Low carb, high-fat diet negatively affects mood

Mental Health, Nutritional Health
There's a new study out that compares dieters eating food high in carbohydrates and low on fat with those on a low-carb, high-fat regime similar to the Atkins diet. The results may surprise you. Bloomberg News reports that, according to the study, which was published Nov. 9 in the Archives of Internal Medicine, "dieters eating food high in carbohydrates and low on fat improved their mood longer than those on a low-carb, high-fat regime similar to the Atkins diet." In fact, even though "both diets were equally effective at reducing weight," the "study of 106 overweight or obese people in Australia found those on the low-fat diet, which included bread, pasta and rice, were less angry, depressed and confused after one year than those who ate fewer carbs and more…
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Vegetarian diet said to be safe at all ages according to a new study

Nutritional Health, Parenting
A debate among physicians and dieticians has been swirling for a number of years about the safety of vegan or vegetarian diets, especially in adolescents and children. Now the American Dietetic Association has provided an update that, hopefully, will help settle the arguments. The Los Angeles Times reports this week on the ADA’s recent report by saying, “The American Dietetic Assn. has shown the importance of parents encouraging a balanced diet for their vegetarian children.” According to the Times, the study found "that as long as vegetarian diets are planned well, they're safe for people at every stage of life: pregnant and nursing moms, babies, teenagers and just about everyone else." The study "was the first to emphasize the benefits of a meatless meal plan," which it said "may lower…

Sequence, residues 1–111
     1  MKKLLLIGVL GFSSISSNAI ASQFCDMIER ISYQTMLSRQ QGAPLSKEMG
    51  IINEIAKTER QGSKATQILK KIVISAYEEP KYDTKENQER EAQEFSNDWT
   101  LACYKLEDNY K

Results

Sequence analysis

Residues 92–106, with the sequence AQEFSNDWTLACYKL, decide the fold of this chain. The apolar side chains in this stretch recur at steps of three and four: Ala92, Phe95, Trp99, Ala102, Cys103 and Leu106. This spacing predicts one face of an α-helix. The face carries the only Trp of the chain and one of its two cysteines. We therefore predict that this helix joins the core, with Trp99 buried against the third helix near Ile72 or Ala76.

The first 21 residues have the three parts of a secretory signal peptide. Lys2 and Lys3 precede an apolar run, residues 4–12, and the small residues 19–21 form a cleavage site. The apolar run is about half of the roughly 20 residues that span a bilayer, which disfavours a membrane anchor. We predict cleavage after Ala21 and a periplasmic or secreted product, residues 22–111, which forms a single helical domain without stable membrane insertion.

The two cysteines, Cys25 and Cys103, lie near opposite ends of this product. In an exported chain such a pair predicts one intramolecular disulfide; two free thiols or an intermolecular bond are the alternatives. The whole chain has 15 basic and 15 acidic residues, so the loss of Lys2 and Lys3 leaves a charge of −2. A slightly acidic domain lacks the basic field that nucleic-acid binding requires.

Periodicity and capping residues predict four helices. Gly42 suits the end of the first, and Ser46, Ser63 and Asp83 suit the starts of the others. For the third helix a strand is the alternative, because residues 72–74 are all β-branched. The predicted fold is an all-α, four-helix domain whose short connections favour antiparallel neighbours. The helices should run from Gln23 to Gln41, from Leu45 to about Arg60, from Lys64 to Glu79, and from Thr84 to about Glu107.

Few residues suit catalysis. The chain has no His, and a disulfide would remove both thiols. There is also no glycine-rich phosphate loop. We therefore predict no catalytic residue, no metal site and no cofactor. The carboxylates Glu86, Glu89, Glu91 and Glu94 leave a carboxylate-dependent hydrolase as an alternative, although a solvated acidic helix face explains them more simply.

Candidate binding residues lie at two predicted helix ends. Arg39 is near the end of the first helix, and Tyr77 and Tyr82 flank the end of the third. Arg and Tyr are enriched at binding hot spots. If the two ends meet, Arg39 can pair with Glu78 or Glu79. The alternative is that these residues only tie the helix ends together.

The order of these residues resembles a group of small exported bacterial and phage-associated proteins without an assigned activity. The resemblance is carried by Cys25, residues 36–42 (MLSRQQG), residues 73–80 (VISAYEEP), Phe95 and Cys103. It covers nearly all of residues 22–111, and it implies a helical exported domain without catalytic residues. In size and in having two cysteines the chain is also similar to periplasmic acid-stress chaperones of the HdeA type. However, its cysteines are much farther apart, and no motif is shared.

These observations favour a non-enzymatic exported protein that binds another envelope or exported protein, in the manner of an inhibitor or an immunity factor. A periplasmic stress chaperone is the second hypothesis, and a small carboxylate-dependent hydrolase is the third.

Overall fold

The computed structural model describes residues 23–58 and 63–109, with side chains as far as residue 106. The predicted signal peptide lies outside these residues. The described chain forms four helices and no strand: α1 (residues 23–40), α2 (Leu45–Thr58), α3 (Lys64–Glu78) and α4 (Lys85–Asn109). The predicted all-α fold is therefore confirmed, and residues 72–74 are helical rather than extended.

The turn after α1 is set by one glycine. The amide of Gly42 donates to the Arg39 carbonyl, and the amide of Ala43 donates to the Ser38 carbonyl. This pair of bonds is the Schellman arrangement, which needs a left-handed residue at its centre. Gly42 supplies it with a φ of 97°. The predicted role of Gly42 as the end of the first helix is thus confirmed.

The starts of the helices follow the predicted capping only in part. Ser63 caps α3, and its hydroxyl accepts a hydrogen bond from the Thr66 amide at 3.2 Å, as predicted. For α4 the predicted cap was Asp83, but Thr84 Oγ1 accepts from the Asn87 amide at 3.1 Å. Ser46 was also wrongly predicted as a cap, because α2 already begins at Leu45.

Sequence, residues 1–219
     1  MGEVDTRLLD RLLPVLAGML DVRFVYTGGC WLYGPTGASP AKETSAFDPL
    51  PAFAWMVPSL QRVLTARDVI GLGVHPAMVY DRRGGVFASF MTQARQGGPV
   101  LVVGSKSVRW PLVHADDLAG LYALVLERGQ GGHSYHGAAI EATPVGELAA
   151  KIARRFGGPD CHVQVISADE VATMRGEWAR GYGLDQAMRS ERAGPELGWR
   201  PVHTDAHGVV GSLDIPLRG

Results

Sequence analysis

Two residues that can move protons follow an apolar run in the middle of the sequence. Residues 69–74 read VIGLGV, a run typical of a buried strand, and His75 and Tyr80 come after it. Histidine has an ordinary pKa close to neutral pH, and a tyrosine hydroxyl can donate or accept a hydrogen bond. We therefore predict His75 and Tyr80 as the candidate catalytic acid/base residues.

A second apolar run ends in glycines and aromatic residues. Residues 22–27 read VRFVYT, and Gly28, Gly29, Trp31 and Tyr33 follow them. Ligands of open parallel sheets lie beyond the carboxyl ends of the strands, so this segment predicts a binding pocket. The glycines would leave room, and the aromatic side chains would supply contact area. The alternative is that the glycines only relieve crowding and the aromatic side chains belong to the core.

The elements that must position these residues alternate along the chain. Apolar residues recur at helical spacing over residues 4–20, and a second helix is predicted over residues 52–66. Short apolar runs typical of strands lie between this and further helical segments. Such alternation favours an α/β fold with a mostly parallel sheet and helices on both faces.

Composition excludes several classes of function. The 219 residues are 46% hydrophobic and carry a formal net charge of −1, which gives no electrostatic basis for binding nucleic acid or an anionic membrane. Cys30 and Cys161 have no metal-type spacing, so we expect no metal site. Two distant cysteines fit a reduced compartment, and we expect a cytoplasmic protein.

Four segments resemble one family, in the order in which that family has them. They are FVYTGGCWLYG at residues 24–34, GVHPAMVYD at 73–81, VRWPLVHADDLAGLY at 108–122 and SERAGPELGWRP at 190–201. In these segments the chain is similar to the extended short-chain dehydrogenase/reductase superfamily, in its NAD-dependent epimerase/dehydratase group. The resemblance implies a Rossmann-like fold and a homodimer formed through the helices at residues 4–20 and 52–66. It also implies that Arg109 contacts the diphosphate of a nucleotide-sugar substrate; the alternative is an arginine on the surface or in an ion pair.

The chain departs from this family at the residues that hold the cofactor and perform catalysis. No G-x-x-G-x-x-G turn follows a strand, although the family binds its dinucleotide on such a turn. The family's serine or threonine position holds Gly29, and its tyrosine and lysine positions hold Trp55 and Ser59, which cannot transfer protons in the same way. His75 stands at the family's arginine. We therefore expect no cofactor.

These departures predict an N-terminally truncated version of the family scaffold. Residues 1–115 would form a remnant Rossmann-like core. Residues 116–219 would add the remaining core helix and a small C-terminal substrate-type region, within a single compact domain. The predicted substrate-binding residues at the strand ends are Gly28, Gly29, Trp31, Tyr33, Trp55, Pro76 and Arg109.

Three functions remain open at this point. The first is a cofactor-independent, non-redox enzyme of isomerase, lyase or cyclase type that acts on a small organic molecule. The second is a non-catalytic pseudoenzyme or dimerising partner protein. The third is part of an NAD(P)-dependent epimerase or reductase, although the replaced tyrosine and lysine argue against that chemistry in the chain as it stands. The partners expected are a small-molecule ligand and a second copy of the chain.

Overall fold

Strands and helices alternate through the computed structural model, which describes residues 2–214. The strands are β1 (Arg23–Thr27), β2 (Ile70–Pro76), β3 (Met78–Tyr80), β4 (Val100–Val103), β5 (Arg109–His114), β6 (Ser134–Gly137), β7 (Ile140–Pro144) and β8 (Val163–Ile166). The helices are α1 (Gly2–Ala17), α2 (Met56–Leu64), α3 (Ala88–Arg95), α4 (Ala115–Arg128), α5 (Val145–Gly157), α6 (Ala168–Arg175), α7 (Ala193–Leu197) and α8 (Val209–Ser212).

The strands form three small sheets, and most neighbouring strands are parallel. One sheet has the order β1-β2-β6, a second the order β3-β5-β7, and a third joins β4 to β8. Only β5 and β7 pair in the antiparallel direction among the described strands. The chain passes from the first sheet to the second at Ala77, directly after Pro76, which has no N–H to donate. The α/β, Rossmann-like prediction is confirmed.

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What are the facts about cow’s, goat’s, soy, almond, rice, and hemp milk?

Heart Health, Nutritional Health
Poring over facts about milk: cow's, goat's, soy, almond, rice and hemp http://www.latimes.com/features/health/la-he-milk19-2009oct19,0,486524,full.story Full-fat, low-fat or skim? Used to be, there weren't many choices to make over what to pour on your cereal. But the number of alternatives to cow's milk -- soy, goat's, hemp milk, more -- has steadily grown. Each has its fans: those who swear by goat's milk's creamy texture or who love almond milk's subtle, nutty flavor. But when it comes to nutrition, there's no clear winner. Cow's milk is a good source of protein but can be high in saturated fats. Hemp milk offers little protein but is rich in certain essential fatty acids. For some, an allergy is the main concern when choosing milk. For others, digestibility drives the decision. "There are dozens of…
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